This professional development plan will outline the scope of Practice of the Advanced Practice Registered Nurse ( APRN) in the state of Texas. A personal assessment using Benner Novice to Expert ladder tool will be used to assess this writers’ strengths and weakness. Local, state and national networking marketing strategies will be identified. A personal professional resume will be added to conclude professional experience.
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All advanced practice registered nurses seeking licensure in the state of Texas must be licensed registered nurses with a valid license that has multistate privileged including compact states to practice. Texas prepared nurses seeking to practice have restricted practice limitations although they have prescriptive authority. In order to apply to the Texas Board of Nursing, the registered nurse must have completed a Masters program or Post certificate in Family nurse Practitioner if that is the specialty sought (Buppert, 2015). The clinical hours for completion of degree should not be less than 500 hours in clinical setting..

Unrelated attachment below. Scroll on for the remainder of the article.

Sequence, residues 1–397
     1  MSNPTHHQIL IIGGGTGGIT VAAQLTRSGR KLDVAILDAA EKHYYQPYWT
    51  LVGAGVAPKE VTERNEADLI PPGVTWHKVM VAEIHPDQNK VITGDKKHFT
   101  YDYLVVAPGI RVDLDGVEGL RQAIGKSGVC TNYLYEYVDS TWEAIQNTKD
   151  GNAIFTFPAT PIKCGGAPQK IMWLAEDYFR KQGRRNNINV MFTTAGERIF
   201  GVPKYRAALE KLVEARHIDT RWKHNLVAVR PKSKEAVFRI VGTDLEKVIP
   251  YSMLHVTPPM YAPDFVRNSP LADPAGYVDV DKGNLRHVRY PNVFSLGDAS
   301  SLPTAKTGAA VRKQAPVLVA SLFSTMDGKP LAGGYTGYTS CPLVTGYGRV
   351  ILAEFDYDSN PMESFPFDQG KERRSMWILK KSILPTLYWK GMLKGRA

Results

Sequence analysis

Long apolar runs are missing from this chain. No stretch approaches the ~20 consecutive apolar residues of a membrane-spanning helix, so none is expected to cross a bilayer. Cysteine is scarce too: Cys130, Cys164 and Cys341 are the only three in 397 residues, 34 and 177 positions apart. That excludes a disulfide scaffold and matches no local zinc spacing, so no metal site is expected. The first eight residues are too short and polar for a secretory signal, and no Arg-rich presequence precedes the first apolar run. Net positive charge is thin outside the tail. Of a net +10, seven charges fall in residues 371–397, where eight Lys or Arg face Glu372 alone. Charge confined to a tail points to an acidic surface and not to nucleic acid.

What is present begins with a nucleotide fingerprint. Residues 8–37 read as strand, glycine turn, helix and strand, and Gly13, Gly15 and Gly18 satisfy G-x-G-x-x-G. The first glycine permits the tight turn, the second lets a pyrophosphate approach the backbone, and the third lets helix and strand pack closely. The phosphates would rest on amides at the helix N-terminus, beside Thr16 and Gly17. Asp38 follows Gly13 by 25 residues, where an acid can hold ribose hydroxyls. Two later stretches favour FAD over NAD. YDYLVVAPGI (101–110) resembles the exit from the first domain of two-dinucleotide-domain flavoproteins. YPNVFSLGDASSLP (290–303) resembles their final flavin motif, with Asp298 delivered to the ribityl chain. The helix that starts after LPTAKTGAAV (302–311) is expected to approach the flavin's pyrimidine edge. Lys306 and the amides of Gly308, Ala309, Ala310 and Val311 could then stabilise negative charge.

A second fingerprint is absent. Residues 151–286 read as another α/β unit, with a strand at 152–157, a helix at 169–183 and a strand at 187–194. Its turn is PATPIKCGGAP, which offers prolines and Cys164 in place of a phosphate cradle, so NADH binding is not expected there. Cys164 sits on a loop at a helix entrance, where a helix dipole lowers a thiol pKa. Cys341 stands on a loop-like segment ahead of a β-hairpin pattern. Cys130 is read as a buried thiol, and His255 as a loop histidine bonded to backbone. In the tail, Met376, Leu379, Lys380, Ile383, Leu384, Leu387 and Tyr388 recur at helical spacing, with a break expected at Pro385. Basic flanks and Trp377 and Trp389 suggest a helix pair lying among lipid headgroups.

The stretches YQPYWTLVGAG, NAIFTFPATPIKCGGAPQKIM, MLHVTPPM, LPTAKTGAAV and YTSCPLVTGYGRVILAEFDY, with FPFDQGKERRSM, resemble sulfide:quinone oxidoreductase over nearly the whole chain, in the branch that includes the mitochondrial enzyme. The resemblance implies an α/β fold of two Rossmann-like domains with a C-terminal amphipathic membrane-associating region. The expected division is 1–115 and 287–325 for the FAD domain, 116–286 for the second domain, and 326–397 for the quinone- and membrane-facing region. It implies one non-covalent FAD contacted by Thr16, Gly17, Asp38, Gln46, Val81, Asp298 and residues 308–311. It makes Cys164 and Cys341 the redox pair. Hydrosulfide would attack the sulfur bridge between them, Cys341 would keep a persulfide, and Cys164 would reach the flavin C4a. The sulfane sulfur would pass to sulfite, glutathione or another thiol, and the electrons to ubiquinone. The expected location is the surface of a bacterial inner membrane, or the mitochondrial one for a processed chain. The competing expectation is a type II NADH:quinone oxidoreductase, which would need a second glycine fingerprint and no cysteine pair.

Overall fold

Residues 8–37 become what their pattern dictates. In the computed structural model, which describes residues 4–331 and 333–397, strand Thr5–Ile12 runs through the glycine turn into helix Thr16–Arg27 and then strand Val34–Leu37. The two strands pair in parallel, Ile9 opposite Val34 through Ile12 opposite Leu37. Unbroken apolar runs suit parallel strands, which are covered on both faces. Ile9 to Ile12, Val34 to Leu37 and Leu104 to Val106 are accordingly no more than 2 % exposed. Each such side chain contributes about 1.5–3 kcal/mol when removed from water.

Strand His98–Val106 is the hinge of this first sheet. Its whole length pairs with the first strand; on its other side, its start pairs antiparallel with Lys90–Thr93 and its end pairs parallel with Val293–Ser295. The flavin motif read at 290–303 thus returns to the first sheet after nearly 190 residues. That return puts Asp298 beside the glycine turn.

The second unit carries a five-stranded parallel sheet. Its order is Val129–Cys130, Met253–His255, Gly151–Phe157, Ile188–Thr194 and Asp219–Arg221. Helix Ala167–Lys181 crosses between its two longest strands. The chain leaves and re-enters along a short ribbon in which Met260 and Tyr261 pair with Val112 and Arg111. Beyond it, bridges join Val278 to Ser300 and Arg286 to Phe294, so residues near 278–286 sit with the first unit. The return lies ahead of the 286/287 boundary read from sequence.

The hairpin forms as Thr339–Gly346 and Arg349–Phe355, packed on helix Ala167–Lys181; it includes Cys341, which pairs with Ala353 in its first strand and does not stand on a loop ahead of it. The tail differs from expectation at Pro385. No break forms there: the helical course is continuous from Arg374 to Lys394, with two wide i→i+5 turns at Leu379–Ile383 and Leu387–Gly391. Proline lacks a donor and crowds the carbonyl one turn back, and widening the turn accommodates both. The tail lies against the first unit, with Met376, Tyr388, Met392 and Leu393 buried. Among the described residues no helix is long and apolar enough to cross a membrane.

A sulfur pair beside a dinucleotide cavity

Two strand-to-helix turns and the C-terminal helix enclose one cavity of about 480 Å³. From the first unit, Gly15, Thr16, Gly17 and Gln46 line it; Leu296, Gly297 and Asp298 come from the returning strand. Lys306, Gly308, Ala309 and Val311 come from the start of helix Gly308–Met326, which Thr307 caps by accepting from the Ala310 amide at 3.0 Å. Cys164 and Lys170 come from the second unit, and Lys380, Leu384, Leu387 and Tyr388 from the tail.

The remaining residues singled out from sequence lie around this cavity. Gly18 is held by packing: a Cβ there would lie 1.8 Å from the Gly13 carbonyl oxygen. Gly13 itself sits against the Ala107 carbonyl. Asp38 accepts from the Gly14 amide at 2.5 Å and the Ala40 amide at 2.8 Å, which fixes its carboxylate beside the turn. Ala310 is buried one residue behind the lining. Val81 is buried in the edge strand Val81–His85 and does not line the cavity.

Family nurse practitioner (FNP), certified nurse-midwife (CNM), certified registered nurse anesthetist (CRNA), and clinical nurse specialist (CNS) (DeNisco, 2015) all comprise of nurses with APRN licenses. They have to pass the board-certified exam so as to sit for the national licensure certificate as a APRN in the state of Texas (Texas SOP Legislation, 2020). PRN have Prescriptive Authority Number §301.152, Occ. Code & 22 TAC, Chapter 222. They are limited to prescribe controlled substances and medicines in schedule III through V. They can only prescribe no more than 90 day supply. All medications have to dispensed by prescription. APRN Regulation includes the LACE essential elements: licensure, accreditation, certification and education (AACN, 2011).